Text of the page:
Why does a character like “Sully” and his famous landing known as the ‘Miracle on the Hudson’ make us feel sure to laud his heroics and still be indecisive in the case of Snowden? The outcome, is much more tangible to grasp; life or death.
“The Dressmaker” wraps a pig pen of a town and its porky inhabitants in silk. It tackles the feeling of being cursed by your confines and the toxicity of small town gossip mongering; with beauty, death, romance and hilarity.
Director Nate Parker and Birth of a Nation rumbles with the ache of inevitable failure. Where films like Django Unchained allow you the blaxploitation fantasies of exacting vengeance on the worst of the worst; Birth of a Nation wants to reinforce while the historically displaced and disenfranchised have hate tattooed on their very bones. Black voices telling black stories is essential.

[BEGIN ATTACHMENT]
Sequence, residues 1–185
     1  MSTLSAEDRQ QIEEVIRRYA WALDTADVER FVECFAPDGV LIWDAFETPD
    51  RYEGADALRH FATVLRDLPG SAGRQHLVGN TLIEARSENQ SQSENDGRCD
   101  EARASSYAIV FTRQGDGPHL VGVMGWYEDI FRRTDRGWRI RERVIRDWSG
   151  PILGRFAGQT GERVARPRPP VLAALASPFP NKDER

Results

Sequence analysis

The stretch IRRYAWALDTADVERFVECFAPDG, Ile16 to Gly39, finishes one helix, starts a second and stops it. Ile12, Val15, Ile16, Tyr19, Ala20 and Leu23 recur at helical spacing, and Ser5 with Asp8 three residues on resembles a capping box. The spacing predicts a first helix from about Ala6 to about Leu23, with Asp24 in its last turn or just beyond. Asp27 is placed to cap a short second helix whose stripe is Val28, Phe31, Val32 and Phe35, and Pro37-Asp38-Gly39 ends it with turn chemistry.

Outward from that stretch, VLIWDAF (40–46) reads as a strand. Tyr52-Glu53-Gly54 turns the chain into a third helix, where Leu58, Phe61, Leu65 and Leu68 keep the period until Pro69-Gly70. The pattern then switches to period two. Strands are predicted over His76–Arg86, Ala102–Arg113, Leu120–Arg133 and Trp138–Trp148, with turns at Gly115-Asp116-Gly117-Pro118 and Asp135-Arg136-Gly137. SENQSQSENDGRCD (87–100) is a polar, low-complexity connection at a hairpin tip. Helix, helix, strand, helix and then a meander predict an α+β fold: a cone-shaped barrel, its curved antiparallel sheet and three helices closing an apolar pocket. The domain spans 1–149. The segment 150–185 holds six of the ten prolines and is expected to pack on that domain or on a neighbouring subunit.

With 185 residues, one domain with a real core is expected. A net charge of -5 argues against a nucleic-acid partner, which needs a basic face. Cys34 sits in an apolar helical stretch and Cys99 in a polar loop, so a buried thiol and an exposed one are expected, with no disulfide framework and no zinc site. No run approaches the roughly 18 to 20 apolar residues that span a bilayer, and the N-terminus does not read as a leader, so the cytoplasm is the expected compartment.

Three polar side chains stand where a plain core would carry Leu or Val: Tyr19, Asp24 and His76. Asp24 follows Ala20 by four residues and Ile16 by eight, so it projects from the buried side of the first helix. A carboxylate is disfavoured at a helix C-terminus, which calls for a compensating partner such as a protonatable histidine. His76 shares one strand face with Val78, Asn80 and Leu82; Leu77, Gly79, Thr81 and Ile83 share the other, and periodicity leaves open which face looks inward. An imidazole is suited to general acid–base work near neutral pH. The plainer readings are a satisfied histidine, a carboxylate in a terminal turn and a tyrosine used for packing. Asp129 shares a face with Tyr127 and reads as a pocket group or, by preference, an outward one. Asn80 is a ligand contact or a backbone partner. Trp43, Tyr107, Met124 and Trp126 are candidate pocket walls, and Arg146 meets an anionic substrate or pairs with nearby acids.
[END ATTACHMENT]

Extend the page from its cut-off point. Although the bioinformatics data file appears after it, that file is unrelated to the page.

Jackie Kennedy, the woman behind one of the greatest and most influential Presidents in the history of the United States, gets an intimate impressionist portrait. Forging the myths of “Camelot,” interrogating the morality of being a widow in the most drastic and heavily scrutinised circumstance; director Pablo Larraín and hypnotic star Natalie Portman finds ways to render gut punching alternate perspectives to well trodden history.
Language and the ability to “articulate” our existence is one of the defining characteristics of the human species. Arrival is about the awakening and ensuing trauma discovering that we’re not alone in the universe.
Nocturnal Animals is a dark tragedy. Ford's motivation for the film is writ large in the opening credits. Obese, grotesque, American women gyrate in slow motion like a 'Fourth of July' themed, trailer park strip show. Like war photography, Ford wants to find the beauty in darkness.